Pigs do not have functional sweat glands,[6] so pigs cool themselves using water or mud during hot weather. They also use mud as a form of sunscreen to protect their skin from sunburn. Mud also provides protection against flies and parasites.[5]

Species

The Pygmy Hog is now in the monotypic genus Porcula again[15]

Domestic pigs

Pigs have been domesticated since ancient times in the Old World and are known for their exceptional intelligence. Domestic Pigs are found across Europe and the Middle East and extend into Asia as far as Indonesia and Japan. They were brought to southeastern North America from Europe by De Soto and other early Spanish explorers. Pigs are particularly valued in China and on certain oceanic islands, where their self-sufficiency allows them to be turned loose, although the practice is not without its drawbacks (see below).

The domestic pig (Sus scrofa domesticus) is usually given the scientific name Sus scrofa, although some authors call it S. domesticus, reserving S. scrofa for the wild boar. It was domesticated approximately 5,000 to 7,000 years ago. Their coats are coarse and bristly. They are born brownish colored and tend to turn more grayish colored with age. The upper canines form sharp distinctive tusks that curve outward and upward. Compared to other artiodactyles, their head is relatively long, pointed, and free of warts. Their head and body length ranges from 900-1,800 mm and can weigh 50-350 kg.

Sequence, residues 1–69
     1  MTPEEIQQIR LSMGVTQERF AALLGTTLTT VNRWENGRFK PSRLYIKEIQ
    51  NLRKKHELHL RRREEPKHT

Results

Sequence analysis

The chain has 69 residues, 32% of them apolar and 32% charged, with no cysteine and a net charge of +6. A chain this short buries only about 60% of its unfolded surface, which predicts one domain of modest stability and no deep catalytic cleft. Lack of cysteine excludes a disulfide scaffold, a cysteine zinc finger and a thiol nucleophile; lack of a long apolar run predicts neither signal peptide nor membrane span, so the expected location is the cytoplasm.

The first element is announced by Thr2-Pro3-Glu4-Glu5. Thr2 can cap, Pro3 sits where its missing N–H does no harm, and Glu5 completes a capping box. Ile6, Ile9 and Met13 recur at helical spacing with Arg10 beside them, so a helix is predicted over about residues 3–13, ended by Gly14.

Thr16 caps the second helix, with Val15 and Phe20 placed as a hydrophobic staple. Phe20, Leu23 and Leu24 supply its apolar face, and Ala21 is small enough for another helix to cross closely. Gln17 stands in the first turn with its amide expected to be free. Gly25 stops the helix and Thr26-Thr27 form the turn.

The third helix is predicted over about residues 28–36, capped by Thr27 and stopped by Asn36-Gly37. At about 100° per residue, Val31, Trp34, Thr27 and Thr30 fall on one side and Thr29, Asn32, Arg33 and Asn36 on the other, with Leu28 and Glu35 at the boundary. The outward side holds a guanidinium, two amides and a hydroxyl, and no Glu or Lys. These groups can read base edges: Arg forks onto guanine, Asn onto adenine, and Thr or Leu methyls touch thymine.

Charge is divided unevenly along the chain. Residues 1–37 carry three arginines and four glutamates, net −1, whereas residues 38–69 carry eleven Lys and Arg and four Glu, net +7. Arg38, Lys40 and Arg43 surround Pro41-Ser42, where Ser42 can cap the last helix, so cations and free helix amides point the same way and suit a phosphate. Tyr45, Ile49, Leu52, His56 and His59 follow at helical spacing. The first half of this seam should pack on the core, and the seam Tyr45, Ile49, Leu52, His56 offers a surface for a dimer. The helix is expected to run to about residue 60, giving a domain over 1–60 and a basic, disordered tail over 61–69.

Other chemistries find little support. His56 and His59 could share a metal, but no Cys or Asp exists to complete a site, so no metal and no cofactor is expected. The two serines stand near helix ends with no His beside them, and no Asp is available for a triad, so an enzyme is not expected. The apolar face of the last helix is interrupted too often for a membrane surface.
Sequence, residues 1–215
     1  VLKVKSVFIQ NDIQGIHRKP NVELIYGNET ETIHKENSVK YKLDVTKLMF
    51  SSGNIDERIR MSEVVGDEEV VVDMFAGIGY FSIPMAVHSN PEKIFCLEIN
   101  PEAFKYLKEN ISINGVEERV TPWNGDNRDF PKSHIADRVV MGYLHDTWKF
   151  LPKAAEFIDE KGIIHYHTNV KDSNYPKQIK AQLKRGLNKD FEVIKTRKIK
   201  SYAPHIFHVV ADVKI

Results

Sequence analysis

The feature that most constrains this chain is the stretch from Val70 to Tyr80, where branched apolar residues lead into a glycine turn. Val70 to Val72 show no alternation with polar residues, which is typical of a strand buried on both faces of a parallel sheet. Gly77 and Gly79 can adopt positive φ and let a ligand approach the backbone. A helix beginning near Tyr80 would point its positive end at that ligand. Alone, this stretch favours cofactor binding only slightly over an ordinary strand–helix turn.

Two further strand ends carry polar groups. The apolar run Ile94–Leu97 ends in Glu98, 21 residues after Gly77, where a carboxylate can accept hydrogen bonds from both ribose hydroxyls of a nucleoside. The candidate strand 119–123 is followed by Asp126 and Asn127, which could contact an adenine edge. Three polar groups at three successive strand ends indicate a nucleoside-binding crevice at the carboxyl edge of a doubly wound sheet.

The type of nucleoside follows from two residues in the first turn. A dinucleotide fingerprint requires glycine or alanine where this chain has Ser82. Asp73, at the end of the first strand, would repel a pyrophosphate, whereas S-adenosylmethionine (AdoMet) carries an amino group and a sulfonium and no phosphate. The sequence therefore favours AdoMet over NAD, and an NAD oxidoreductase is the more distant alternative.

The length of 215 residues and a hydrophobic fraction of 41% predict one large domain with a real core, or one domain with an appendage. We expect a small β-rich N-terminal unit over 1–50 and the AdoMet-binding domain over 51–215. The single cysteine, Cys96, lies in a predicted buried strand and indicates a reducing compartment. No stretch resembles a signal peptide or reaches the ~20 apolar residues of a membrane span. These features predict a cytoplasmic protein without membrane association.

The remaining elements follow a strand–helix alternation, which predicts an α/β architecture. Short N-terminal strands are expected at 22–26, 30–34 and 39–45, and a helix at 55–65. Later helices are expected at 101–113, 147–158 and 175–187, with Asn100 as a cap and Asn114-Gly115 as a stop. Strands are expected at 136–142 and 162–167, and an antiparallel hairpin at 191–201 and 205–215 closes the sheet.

Pigs can be trained to perform numerous simple tasks and tricks. Recently, they have enjoyed a measure of popularity as house pets, particularly the dwarf breeds.

Cultural references to pigs

Pigs are frequently referenced in culture and are a popular topic for idioms and famous quotes.

Pigs in religion

c. 1480]]
  • In Nordic Mythology, Gullinbursti ("Gold-Bristle" or "Gold-Mane") was Freyr's golden boar, created by the dwarves Brokk and Sindri as part of a challenge. His shining fur is said to fill the sky, trees, and sea with light.
  • In ancient Egypt pigs were associated with Set, the rival to the sun god Horus. When Set fell into disfavor with the Egyptians, swineherds were forbidden to enter temples. According to Herodotus, swineherds were a kind of separate sect or caste, which only married among themselves. Egyptians regarded pigs as unworthy sacrifices to their gods other than the Moon and Dionysus, to whom pigs were offered on the day of the full Moon. Herodotus states that, though he knew the reason why Egyptians abominated swine at their other feasts but they sacrificed them at this one; however, it was to him "not a seemly one for me to tell".[16]
  • In Hinduism the god Vishnu took the form of a boar in order to save the Earth from a demon who had dragged it to the bottom of the sea.
  • In ancient Greece, a sow was an appropriate sacrifice to Demeter and had been her favorite animal since she had been the Great Goddess of archaic times. Initiates at the Eleusinian Mysteries began by sacrificing a pig.